Vatican warns Italian women against Muslim marriages

Vatican cardinals have warned Italian women against tying the knot with the rising numbers of Muslims in Italy, citing what they say cultural and religious diversities.

Church officials say that Italy has seen 20,000 marriages in 2005 between Catholic women and Muslims, whose population touches the one million mark, the BBC News Online reported Monday, December 26.

Cardinal Camillo Ruini, the Vicar General of Rome, had said that cultural differences over issues such as the role of women and education of children make it difficult for Catholic women to marry Muslims. “The experience of recent years leads us as a general rule to advise against or in any case to discourage these marriages,” he wrote in a document released last month.

“Mixed Catholic and Muslim couples who intend to have a family have other difficulties above and beyond those experienced by other couples, when one considers cultural and religious diversity,” wrote cardinal Ruini, a conservative thinker close to late Pope John Paul II.

Late Pope John Paul II was the first pope in history to pray in a mosque, when he visited Damascus. His successor, Benedict XVI, has insisted that he is also keen to promote religious and cultural dialogue with the Islamic world.

Cardinal Ruini also expressed concern at the growing number of Catholic-Muslim marriages, calling it “intrinsically fragile”. “According to the Italian statistics office ISTAT, there were more than 19,000 such marriages in Italy last year,” he added.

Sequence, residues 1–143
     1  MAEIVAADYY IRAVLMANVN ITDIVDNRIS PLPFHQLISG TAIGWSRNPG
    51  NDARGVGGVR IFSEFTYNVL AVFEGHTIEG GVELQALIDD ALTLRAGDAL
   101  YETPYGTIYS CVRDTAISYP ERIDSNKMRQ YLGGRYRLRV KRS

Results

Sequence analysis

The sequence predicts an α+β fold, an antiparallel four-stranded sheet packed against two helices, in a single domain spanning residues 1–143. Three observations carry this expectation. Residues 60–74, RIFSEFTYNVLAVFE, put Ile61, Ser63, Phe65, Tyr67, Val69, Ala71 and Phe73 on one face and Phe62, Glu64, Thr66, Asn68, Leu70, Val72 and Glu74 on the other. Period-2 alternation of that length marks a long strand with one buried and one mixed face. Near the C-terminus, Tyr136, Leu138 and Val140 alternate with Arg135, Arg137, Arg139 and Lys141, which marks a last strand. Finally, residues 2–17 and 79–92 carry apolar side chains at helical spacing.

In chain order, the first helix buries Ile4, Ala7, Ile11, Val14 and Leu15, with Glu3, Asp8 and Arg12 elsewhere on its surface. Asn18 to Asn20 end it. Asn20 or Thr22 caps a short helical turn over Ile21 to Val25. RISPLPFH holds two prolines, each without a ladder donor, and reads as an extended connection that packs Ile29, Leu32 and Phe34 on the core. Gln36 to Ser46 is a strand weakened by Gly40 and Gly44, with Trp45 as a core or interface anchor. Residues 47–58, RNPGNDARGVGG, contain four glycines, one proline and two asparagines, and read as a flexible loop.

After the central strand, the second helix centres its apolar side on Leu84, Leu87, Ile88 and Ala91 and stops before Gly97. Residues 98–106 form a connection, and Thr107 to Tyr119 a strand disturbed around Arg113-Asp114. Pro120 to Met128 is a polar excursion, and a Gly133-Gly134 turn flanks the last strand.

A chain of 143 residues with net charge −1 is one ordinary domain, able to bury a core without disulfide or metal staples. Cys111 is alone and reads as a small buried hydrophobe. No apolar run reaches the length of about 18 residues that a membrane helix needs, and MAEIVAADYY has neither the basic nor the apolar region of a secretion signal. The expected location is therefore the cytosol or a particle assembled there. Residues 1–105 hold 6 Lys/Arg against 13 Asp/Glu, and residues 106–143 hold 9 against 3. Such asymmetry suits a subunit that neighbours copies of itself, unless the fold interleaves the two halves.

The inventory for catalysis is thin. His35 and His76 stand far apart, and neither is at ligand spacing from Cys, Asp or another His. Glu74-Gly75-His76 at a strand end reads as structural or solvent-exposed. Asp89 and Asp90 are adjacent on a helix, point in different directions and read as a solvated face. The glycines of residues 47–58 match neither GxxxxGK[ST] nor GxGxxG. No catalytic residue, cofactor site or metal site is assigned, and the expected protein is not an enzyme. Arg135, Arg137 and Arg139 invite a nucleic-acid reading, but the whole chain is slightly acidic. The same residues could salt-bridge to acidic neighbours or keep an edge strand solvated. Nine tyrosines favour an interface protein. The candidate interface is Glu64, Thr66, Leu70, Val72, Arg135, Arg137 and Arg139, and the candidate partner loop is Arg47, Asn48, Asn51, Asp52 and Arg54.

Ruini’s warning echoed a similar one last year by Vatican cardinal Stephen Hamao, who wrote about what he called the “bitter experiences” that European women have had in marrying Muslims.

Commenting on the warning of Catholic-Muslim marriages, an Egyptian Catholic priest said the move comes in response to concerns over the growing numbers of Muslims in Italy.

“The warning expresses fears of the Catholic cardinals that Italian women who marry Muslims would later revert to Islam,” priest Kristian Van Spen, professor of philosophy, Cairo University, told Tuesday, December 27. “In addition, they are also concerned that children born to this marriage will also embrace Islam.”

“This, consequently, will lead to an increase of the number of Muslims in Italy,” he stressed.

There are an estimated 1.5 million Muslims in Italy, a country of about 58 million people. Many European voices have been warning of the increasing number of Muslims in Europe.

Italian journalist Oriana Fallaci warned in her book “La forza della ragione,” which translates as The Force of Reason, that Europe is turning into “an Islamic province, an Islamic colony” and that “to believe that a good Islam and a bad Islam exist goes against all reason.”

The Egyptian priest cited a number of motives leading to the marriage of the Italian Catholic woman from a Muslim “In addition to the social pressures, the Catholic woman who marries a Muslim does not have the right to inheritance unless she reverts to Islam,” he said. He ruled out any dialogue on marriage between Catholics and Muslims as part of the interfaith dialogue.

Observers who monitor Europe’s Muslim population estimate that several thousands of men and women revert to Islam each year, according to a report by the Christian Science Monitor Tuesday.

Islam Online, 27 December 2005

See also “Cardinals issue marriage warning”, BBC News, 26 December 2005